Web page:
The cherished St. Anne’s Express dates back to 1956 and is the last operational truly ‘seaside’ Miniature Railway on the Fylde Coast with direct views of the sea
Fylde Council has re-opened its consultation about replacing the existing sea wall around The Island, St Anne’s which could throw the future of a much-loved attraction into jeopardy.
The authority has been looking at options and garnering public opinion about the sea defence that protects over 400 properties and businesses from coastal erosion and flooding.
The structure is almost 90 years old and approaching the end of its life expecting to last at most only another ten years.
Flooding in the area is set to increase in line with climate change predictions and its low height in comparison to the beach means overtopping and flooding regularly occurs.
A new sea defence with an additional height of 2m with 1m high set back wall has been proposed which will alter the character of the existing frontage and will be a challenge to integrate into the Island site.
An overall vision for the Island Site and St Anne’s Town Centre is being developed however due to the real risk of flooding and structural failure the council are looking at a solution for now.
The Environment Agency (EA) is prepared to make further funds available to develop a sea wall replacement scheme which Fylde Council has said it is now in a position to contribute towards however may not be able to in the future.
After consultations with stakeholders it was agreed that a buff-coloured stepped revetment would be the best option for its efficacy similar to the new sea defence at Fairhaven and Granny’s Bay.
To accommodate the extra height however, the new defence will have to extend out to sea meaning it will be impossible to re-instate the existing amenities on the landward side which includes beach huts, golf course and miniature railway.
After further meetings with stakeholders, other more expensive options were discussed along with choices that may detrimentally affect marine life.
Out of eight options the one that was recommended was to build out towards the sea 7m from the toe of the existing sea defence which would be deemed acceptable by environmental groups and would be affordable and likely to get approved.
The proposal would mean the beach huts and the golf course are displaced but reinstated however the miniature railway could not be retained in its current form.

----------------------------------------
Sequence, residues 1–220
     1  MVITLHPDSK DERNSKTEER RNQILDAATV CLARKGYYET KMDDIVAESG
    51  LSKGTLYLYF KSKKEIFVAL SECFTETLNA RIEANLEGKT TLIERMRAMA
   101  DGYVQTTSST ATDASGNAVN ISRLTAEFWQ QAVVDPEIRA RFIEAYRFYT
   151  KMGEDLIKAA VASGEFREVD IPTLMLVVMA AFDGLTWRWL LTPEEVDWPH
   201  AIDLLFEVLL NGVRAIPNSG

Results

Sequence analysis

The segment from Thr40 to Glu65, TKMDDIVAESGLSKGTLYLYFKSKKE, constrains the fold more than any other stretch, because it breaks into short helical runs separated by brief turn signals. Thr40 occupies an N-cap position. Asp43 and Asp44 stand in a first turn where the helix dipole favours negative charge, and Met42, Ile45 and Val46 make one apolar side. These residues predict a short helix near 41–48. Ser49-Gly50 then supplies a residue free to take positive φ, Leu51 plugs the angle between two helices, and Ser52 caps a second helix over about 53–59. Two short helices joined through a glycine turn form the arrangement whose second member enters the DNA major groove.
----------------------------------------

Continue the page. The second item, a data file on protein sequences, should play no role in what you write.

This has sparked a heated debate and when the Public Consultation information on the preferred option was published on Friday, May 14 ,it had to be closed again on Monday, May 17, due to an overwhelming response.
The council and stakeholders have continued to discuss how to come up with a compromise and the consultation has now been relaunched with comments needed by June 9.
Throughout this local people, and visitors, have got to work in order to save the mini train and a Facebook group, created only two weeks ago under ‘Save St Anne’s Railway!’ has gained over 2000 members .
The cherished St. Anne’s Express dates all the way back to 1956 and is the last operational truly ‘seaside’ Miniature Railway on the Fylde Coast with direct views of the sea.
It is nicknamed “Harry’s Dream” as when the business was bought in 1981, along with the blue “St Anne’s Express” engine, Harry’s dream was to own a second engine.
Although he passed before his son could fulfil this, the new engine was named in his honour.
Still owned by the Leeming family, its current owners were told of the preferred “no railway” option with a month’s notice around two weeks ago.
They have since been assured that the railway is in the authority’s preferred considerations however still feel that no concrete solution has been offered.
Various measurements of train, track and tunnels have been submitted by the owner’s for the council to consider to come up with a solution.
Since then the public have offered their overwhelming support of the historic attraction at the traditional Victorian Seaside resort with around 150 people turning out to a protest a week ago.
Pupils at St Anne’s Grammar College also came out in their numbers to support the cause.
Many generations have taken their children and grandchildren to see the locomotive which provides as much joy to those who see it as to those who ride it.
Fylde resident Stuart Mann used to visit regularly in the 1970s and said: “The miniature steam train has always been special to me and my kids love it too.
“I really do hope they can save it because without it, and the pitch and putt, and the trampolines, the seafront will lose some of its soul and history.”
Fellow supporter, Esther Parkinson from St Anne’s said: “I live in St Anne’s and have been living on the Fylde Coast for most of my life.
“The train has been an iconic part of St Anne’s for many, many years and given so much enjoyment to families and their young children.
“The Facebook campaign has gained traction very quickly which is great news for the cause.
“I was out walking the other day and was passing the railway and thought I’d wish everyone concerned the best of luck with the future of the train!”
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